Even before the coronavirus, the EPA was bolstering enforcement of unregistered pesticide sales—and Amazon has been a frequent target. With the action late Wednesday, the company has received four stop-sale orders over the past five years as well as more than a dozen advisory notices since February 2018 about potential violations. And to settle nearly 4,000 alleged violations of illegally distributing unregistered and misbranded pesticide products, two years ago Amazon agreed to pay $1.2 million, step up screening of products for sale on its site and establish a training program for pesticide sellers.
“That hasn’t proven to be effective,” said EPA Assistant Administrator for Enforcement and Compliance Assistance Susan Bodine. “They have to do a better job of corporate compliance. Clearly, the corporate compliance agreement that we entered into with Amazon back in 2018 isn’t working.”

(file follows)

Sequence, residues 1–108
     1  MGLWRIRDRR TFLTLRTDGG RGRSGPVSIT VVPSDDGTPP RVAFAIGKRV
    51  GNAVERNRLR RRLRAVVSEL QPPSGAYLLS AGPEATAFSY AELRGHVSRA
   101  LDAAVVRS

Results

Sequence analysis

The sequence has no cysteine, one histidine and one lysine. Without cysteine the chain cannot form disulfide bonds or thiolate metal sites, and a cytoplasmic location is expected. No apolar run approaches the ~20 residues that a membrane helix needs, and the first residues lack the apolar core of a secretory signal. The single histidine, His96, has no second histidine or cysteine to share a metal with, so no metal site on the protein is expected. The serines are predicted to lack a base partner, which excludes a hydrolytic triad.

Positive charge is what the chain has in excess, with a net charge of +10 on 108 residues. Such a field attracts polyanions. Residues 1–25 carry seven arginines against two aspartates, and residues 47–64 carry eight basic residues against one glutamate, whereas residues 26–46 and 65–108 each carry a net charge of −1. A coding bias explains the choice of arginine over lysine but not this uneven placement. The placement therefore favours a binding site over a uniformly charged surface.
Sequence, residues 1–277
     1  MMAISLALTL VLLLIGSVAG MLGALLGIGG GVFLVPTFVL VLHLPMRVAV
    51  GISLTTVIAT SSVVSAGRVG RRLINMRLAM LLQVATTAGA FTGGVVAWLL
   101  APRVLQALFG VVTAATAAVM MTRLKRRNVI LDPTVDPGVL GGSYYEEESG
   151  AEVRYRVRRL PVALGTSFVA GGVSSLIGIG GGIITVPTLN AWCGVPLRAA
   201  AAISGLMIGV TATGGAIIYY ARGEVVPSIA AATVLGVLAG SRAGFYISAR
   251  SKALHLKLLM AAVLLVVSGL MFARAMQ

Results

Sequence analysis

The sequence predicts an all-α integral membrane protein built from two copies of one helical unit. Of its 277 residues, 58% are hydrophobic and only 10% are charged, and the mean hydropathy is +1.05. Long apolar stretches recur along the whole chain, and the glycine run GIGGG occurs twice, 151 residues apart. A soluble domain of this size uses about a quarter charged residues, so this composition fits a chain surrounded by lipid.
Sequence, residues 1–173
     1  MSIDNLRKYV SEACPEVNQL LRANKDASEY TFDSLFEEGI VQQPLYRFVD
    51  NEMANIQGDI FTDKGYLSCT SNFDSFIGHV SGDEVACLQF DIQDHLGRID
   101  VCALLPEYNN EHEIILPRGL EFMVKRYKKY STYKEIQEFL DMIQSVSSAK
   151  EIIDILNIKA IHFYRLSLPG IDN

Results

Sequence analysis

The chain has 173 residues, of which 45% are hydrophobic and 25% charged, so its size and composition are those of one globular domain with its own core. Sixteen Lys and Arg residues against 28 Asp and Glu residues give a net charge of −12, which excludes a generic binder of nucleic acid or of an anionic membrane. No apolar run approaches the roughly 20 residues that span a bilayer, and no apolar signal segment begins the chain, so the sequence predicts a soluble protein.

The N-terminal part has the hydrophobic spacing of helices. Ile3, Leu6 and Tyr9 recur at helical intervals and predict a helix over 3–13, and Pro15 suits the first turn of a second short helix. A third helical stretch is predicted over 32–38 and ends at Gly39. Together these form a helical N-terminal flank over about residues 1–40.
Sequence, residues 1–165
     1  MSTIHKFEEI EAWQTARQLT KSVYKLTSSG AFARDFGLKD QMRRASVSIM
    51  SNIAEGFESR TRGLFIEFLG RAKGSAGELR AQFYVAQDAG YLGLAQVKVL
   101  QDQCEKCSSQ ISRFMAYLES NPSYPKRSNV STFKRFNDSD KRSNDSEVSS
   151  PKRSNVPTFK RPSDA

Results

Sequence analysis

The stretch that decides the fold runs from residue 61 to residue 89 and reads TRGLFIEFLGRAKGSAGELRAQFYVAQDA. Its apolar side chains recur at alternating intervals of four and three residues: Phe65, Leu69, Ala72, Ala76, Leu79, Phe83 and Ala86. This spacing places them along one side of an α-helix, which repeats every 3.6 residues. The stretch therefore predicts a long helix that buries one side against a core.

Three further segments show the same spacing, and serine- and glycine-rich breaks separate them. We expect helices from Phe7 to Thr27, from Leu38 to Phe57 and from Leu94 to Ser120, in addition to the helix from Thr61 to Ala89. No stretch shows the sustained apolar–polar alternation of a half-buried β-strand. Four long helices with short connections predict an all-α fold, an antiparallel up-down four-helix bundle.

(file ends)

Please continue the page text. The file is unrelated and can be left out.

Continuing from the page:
The EPA’s stop-sale order to eBay is the first to the online auction site, marking an escalation after three years of talks, information requests and advisory letters.
Although the Trump administration also has pursued criminal charges against individual, third-party sellers that use the Amazon and eBay platforms, going after the marketplaces can be more effective at keeping unsafe products out of people’s hands, Benevento said.
Under the Federal Insecticide, Fungicide and Rodenticide Act, it is illegal to sell or distribute unregistered or misbranded “pesticides”—a category that includes any substance intended for destroying or repelling pests, from rodents and insects to bacteria and other microorganisms. Under the law, it is also illegal to sell or distribute restricted-use pesticides to non-certified operators who may not be trained in handling the chemicals.